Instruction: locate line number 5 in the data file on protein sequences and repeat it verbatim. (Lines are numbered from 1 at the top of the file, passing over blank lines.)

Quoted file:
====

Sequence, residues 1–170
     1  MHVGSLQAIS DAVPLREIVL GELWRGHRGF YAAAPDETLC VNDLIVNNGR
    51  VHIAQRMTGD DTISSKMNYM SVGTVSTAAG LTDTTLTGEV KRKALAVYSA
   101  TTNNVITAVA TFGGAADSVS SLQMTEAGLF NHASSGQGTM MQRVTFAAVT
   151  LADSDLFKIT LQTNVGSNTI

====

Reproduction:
   151  LADSDLFKIT LQTNVGSNTI